There really is no better way to test your writing than to read it out loud. Repeated and missing words become obvious, clunky phrasing stands out like a sore thumb, and over reliance on either narration or dialogue is quickly identified.
Whether you read your work out loud after every edit, or only as a final draft, it’s bound to be already a valuable part of your writing toolkit.
However, it’s easy to still miss things when you are reading your own work. The human brain is great at making sense of the written word, even when it doesn’t make sense. It’s also possible to get caught up in the story and stop listening analytically, or worse – get distracted and let your mind drift! There is also the mechanics of reading your work out loud. Your voice can get tight and sore, especially if you are reading a novel.
Recently I’ve started using Word’s text to speech option to help with editing. I found it a bit off putting at first. The voice has a strange accent and pronounces some of the words in an odd way (tears, for example, is always pronounced as to rip something rather than as to cry).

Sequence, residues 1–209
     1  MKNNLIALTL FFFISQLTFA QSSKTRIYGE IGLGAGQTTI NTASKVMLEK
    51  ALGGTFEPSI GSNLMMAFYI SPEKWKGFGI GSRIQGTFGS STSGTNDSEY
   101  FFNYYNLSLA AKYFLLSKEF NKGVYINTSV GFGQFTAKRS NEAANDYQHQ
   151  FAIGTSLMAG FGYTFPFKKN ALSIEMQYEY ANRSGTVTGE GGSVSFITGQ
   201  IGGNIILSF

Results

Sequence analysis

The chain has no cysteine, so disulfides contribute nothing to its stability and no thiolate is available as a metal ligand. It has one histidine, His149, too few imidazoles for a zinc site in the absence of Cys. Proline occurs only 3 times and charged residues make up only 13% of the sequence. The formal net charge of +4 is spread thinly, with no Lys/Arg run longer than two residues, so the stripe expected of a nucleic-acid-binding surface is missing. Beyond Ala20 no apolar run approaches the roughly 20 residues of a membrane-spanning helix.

However, I’ve found a couple of invaluable benefits to using an artificial voice that have made it my preference over a human.
The computer reads every word as it is typed. It never skips over a repeated word, a misspelled word, or the wrong word choice. This makes finding errors so much easier than reading out loud yourself, or even getting someone else to read to you.
I can increase the speed of the voice so the words still make sense but I can move through the document faster. If I were to read out loud at such a pace, I’d concentrate so hard on my speaking that I wouldn’t be able to pay attention to what I was saying!
If your writing can be read out loud by a strangely accented artificial voice, with no inflection, and unusual pronunciation, and sound okay, you know you are getting somewhere.
Have you tried Word’s text to speech? What did you think of it?